Isabel Signoret (center front) as The Child with the cast of L’Enfant et les Sortilèges. (Photo by Kristin Pulido)
The operatic repertory is vast and rich, and some of its greatest gems can be found in shorter pieces.
That’s not to say we hear them all that often in South Florida, so the Miami Music Festival’s mounting of two one-act masterpieces that almost never turn up on our area stages was much to be welcomed. Although one of the productions was more of an apprentice presentation than the other, both operas showcased good singers and a large, fine student orchestra.
The double bill of Maurice Ravel’s L’Enfant et les Sortilèges and Giacomo Puccini’s Gianni Schicchi capped a long weekend of performances that also saw performances of Puccini’s La Bohème in a contemporary setting. The Miami Music Festival, now in its third year centered primarily at Barry University in Miami Shores, has grown substantially in its short lifespan after being founded by Michael Rossi of the Washington National Opera, who conceived it as a summer project for his wife’s hometown of Miami.
Sunday’s performances at the Broad Performing Arts Center at Barry University of the Ravel-Puccini double bill opened with the Ravel in an apprentice production that featured several newcomers to the stage. With two exceptions, the singing was hit or miss, with choral moments, particularly the exquisite final minutes of the opera marred by underpowered male singing.
The production looked charming, though the costumers were fairly primitive and a lot of the visual interest had to be filled in by projections, but since this was a production geared to families with young children, it worked very well. The modest house at the Broad Center seemed to like it quite a bit, and it held the interest of the many small children who were there.
The orchestra, led by Steven Gathman, spilled onto the stage and the side of the house from the pit, and with the exception of some substandard brass playing at the end, this was a very good orchestra that was conducted sensitively and that gave a tender account of this beautiful score. David Carl Toulson’s stage direction was adept given the restricted sets and costumes, and the various animals and household objects moved around the stage with engaging enthusiasm.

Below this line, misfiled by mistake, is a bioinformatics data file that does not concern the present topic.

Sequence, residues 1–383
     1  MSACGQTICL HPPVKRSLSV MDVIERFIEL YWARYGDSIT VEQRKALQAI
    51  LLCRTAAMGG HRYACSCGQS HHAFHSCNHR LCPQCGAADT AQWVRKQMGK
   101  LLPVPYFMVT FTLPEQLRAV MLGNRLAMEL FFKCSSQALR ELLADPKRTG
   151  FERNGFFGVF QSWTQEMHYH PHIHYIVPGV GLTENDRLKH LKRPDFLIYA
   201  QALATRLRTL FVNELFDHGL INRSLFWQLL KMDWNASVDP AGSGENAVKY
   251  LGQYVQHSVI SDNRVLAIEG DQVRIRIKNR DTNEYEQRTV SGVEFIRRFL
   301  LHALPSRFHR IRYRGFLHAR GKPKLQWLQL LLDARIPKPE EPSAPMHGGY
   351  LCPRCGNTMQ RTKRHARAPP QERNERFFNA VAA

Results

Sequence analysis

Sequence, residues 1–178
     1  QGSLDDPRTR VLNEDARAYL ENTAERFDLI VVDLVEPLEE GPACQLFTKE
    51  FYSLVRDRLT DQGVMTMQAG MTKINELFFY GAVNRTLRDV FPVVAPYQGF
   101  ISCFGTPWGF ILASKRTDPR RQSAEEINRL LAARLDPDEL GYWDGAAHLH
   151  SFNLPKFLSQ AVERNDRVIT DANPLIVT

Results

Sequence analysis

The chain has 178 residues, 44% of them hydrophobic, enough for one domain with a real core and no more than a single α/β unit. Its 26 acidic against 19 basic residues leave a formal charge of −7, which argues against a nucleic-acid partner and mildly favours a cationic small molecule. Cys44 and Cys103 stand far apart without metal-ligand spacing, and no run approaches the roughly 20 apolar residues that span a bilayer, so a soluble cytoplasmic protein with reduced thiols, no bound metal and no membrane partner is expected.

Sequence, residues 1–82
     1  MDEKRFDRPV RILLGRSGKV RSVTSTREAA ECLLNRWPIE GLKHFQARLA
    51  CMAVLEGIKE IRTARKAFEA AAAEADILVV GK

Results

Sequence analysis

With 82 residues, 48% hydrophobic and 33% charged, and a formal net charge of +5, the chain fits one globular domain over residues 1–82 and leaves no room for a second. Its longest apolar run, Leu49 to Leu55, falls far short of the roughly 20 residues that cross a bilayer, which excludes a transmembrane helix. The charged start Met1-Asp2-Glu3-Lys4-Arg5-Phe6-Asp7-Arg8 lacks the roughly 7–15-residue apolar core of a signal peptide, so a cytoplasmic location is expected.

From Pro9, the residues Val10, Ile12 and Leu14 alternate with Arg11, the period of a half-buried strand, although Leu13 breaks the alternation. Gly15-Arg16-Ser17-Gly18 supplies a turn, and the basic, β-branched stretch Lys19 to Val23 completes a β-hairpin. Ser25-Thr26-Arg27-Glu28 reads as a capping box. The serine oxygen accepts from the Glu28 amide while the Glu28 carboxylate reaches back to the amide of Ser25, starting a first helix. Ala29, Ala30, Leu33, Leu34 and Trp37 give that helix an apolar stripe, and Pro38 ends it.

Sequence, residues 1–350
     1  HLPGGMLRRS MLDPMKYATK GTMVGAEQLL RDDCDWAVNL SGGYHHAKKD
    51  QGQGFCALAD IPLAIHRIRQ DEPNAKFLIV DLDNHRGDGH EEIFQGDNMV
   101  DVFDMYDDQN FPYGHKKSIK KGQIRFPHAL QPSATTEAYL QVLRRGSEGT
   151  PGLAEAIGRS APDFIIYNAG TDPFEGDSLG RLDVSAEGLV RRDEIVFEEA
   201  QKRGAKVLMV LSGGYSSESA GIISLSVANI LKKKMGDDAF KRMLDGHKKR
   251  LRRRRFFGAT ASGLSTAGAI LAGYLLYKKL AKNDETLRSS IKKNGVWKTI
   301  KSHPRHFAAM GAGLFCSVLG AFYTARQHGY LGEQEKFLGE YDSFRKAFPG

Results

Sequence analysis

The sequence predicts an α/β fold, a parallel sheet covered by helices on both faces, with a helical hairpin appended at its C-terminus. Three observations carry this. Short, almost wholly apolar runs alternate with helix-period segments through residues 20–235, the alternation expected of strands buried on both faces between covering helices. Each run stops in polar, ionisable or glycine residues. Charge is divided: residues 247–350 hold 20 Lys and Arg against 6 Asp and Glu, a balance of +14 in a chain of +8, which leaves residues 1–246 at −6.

The best singing in the ensemble came from Linsday Espinosa as Le Feu, who has the most acrobatic vocal lines in the piece, and while the tumbling roulades of her lines were somewhat stiff, she still made a good impression. But the finest singer on stage by a long stretch was The Child, sung here by the mezzo Isabel Signoret.
Signoret has a very lovely mezzo, one that seems ideal for French repertory; the liquid quality of its vowels seem to resonate just-so with her instrument. Her voice has a beautiful centeredness to it and a mature color that made one think of her in Berlioz and Fauré art song, and in the Mozartean mezzo roles. Dressed boyishly in short pants and shirt, she was persuasive as a kid in desperate need of a timeout, but what one really wanted was to hear her sing some more.
Maria Lacey, Judson Virden and Samuel Cotten in Gianni Schicchi. (Photo by Kristin Pulido)
The Puccini on the second half had a much more experienced cast, and Toulson seemed to model his modern take on the opera’s original 13th-century setting very closely on Jack O’Brien’s celebrated 1950s-era mounting a few years back for the Metropolitan Opera.
Baritone Samuel Cotten had a strong stage presence as Schicchi, quickly dominating the proceedings as he showed up and clearly having a great time in this wonderful comic role. His voice was accurate and pleasant, but didn’t have much resonance or character. He seemed to be somewhat hoarse, and therefore might have been in less-than-stellar vocal trim for the show (he was not very effective as The Armchair in the Ravel), which is a hazard of the profession. But he made up for a lot of it with his strong acting, and it would certainly be worthwhile to see him again.
Tenor Judson Virden has one of those exciting spinto voices that makes the floridity of Puccini’s Rinuccio really stand out, and while he had a little trouble with his high B-flat in his ode to Florence, he sang with stamina and a real sense of Italian style. As Lauretta, soprano Maria Lacey has the big moment everybody knows with “O mio babbino caro,” which despite its naked sentimentality and over-familiarity can be seen in context to be perfectly suited to this character. Lacey has a strong and pretty voice, and she sang this popular aria with the right kind of sincerity to win over her indulgent father as well as strong applause in the house.
Bass-baritone Cory McGee as Simone offered a powerful, clarion voice in this small role, and there was also good singing to be had from Marina Renee Hogue as Nella and Kristin Fahning as La Ciesca. Luciana Pansa was a big-voiced, forceful Zita, though she seemed to be pushing it a little bit, probably as a consequence of a heavy hand on the character-portrayal throttle.
The production looked good, with Camilla Haith’s sharp costumes indicating character as well as time period, and Gathman’s orchestra was very fine. He directed his singers admirably well, no small feat for a very tricky score that demands lightness side by side with red-blooded Romanticism.
The Miami Music Festival presents the debut of its Wagner Institute next Saturday with a concert at the New World Center in Miami Beach featuring soprano Christine Goerke and baritone Alan Held. The program include scenes 1 and 2 of the third act of Die Walküre; five selections from Wagner operas includingTannhaüser, Das Rheingold, Die Walküre and Tristan und Isolde, and the Der Rosenkavalier Suite by Richard Strauss. The concert begins at 7:30 p.m. Visit miamimusicfestival.com for more details.